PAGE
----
June 1, 2017 is the deadline for broadcast stations licensed to communities in Arizona, the District of Columbia, Idaho, Maryland, Michigan, Nevada, New Mexico, Ohio, Utah, Virginia, West Virginia, and Wyoming to place their Annual EEO Public File Report in their public inspection file and post the report on their station website.
In addition, a certain group of these stations, as detailed below, must electronically file their EEO Mid-term Report on FCC Form 397 by June 1, 2017.
For more information, please read the advisory from Pillsbury Winthrop Shaw Pittman LLP here. (PDF download via MAB)
Joni Reed is Traffic Director for Black Diamond Broadcasting’s WMKC-FM, WGFM-FM, WQEZ-FM and WCBY-AM. Joni works with Traffic and Billing Director Lynne Peck and both are based at the company’s Cheboygan, Michigan location. Joni has been in traffic for 10 years.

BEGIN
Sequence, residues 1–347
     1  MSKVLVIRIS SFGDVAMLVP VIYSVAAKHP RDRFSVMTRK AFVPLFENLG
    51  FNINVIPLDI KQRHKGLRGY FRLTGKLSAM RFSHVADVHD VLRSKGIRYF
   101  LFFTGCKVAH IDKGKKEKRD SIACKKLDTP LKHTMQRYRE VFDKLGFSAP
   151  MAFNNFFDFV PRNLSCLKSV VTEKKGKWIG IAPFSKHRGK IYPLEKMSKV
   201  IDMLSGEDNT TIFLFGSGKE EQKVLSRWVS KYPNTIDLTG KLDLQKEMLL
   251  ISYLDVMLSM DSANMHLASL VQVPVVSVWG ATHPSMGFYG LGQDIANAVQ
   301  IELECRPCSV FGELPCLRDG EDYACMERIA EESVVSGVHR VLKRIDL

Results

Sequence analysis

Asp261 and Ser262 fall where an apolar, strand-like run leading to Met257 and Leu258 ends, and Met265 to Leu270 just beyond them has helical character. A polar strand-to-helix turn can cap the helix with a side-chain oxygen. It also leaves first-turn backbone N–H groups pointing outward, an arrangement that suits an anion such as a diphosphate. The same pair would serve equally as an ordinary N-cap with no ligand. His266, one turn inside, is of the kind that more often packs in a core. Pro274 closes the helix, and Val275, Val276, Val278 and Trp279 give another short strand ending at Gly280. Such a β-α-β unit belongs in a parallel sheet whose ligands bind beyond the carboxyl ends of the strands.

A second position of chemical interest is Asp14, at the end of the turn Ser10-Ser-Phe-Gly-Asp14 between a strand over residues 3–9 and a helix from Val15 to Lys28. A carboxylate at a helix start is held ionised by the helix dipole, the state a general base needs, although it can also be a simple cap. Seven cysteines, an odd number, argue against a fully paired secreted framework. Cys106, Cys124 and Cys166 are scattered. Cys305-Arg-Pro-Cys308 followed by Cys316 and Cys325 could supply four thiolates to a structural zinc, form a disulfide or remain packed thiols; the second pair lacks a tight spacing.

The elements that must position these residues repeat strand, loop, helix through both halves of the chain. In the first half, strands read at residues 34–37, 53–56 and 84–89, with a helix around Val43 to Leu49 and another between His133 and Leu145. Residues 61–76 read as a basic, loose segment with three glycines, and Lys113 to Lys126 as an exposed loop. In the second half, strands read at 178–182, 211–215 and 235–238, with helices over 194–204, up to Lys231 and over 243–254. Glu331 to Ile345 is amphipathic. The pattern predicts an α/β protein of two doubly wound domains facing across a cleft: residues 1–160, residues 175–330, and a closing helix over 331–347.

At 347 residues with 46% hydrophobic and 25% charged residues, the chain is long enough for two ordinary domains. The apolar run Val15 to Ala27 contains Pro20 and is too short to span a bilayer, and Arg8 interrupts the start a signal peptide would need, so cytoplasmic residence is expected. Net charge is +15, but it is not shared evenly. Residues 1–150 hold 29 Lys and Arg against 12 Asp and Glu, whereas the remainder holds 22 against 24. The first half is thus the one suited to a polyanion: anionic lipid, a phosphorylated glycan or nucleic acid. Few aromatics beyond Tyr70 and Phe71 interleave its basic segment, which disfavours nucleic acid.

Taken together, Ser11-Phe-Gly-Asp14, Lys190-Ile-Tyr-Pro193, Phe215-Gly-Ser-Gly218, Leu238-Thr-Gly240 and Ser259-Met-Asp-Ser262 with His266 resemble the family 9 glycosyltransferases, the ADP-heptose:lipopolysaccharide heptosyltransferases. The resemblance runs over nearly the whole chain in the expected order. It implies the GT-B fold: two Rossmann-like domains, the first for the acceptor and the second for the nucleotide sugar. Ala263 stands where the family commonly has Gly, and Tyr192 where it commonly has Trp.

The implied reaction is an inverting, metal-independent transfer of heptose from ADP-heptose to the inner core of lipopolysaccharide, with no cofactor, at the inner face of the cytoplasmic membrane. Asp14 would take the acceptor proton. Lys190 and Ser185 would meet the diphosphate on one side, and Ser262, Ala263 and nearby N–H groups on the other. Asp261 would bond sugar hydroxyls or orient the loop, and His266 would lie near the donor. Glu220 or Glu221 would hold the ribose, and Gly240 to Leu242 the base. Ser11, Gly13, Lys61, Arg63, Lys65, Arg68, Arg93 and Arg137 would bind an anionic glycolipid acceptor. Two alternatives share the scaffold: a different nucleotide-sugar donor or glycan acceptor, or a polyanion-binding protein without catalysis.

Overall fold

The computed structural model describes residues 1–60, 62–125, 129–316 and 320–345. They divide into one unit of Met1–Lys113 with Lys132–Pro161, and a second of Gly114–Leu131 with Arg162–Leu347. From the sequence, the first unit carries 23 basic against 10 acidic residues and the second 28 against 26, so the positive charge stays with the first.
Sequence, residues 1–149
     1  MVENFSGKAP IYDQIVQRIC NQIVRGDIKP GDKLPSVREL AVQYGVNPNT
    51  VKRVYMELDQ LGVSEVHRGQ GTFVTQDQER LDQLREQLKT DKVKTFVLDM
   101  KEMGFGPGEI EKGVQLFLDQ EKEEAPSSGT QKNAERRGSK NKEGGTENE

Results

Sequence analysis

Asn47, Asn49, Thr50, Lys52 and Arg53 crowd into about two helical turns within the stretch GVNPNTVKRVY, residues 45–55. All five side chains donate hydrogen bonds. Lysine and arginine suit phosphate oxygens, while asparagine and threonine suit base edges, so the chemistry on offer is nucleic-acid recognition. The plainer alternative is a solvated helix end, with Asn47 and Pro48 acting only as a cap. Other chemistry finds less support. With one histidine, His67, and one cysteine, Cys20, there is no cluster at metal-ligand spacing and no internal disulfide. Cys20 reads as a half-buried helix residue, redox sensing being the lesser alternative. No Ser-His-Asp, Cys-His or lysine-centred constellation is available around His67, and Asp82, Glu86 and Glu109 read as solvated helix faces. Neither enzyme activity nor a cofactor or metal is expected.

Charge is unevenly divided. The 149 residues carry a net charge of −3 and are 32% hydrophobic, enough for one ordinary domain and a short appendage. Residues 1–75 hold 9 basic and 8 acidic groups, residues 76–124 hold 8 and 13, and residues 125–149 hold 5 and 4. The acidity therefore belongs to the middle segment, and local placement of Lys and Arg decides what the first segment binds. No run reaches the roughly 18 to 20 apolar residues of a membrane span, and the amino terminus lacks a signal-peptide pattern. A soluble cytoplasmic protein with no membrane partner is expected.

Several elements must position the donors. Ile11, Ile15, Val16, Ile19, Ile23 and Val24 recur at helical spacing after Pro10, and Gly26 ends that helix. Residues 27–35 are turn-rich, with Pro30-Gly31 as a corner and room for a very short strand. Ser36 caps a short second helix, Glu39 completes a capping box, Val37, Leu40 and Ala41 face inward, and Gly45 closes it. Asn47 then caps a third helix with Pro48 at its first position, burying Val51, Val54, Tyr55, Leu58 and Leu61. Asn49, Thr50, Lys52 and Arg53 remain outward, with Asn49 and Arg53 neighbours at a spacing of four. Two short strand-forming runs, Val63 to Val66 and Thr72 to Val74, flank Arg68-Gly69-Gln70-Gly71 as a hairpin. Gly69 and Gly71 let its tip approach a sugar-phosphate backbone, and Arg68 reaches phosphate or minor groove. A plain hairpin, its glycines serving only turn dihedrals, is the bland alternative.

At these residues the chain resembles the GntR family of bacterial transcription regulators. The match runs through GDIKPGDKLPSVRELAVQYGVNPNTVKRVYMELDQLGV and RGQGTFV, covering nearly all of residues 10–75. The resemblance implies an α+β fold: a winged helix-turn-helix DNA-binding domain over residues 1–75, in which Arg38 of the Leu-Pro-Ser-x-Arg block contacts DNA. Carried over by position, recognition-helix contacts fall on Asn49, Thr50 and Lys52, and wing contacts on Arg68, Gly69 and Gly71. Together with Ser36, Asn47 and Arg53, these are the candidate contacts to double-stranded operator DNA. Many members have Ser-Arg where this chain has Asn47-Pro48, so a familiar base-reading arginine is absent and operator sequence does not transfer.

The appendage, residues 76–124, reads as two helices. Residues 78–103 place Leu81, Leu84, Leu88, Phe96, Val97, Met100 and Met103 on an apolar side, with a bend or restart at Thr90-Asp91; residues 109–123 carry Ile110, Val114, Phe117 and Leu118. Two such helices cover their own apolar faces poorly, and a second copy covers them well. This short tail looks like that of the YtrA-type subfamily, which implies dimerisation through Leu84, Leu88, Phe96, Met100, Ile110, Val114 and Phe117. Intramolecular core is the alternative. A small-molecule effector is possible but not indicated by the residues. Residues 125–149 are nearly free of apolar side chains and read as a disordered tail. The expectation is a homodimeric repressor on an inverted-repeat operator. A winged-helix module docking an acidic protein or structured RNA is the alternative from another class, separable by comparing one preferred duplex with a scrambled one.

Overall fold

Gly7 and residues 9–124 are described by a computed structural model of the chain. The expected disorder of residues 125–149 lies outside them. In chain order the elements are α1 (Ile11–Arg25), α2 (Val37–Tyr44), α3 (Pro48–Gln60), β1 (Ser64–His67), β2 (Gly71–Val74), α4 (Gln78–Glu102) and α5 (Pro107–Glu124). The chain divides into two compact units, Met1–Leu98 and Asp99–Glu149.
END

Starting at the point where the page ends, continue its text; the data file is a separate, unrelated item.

Joni:I started at the radio station 11 years ago, and sent out the billing before I was actually a traffic director. Within a year or two, I became a traffic director. As we have several stations, we would print all of the invoices, go through them, sign and notarize, then fold and keep them in alphabetical order, adding each station’s invoice, so we could mail them all together for each client.
Later, we started printing monthly statements, so we added that into the same process.
Recently we were bought by Black Diamond Broadcasting, adding 2 more stations to our overall billing group. During the transition of adding them to Marketron, we got some information from the trainer about something available. You can earmark all your invoices that have special instructions, or are co-op, as you enter your orders in ‘Remarks’ in the Header Field. After you create your batches and post them, you can create an invoice report for the day of your invoices and when you print them, all the orders that you earmarked as special will print first and the rest will be in alphabetical order for you!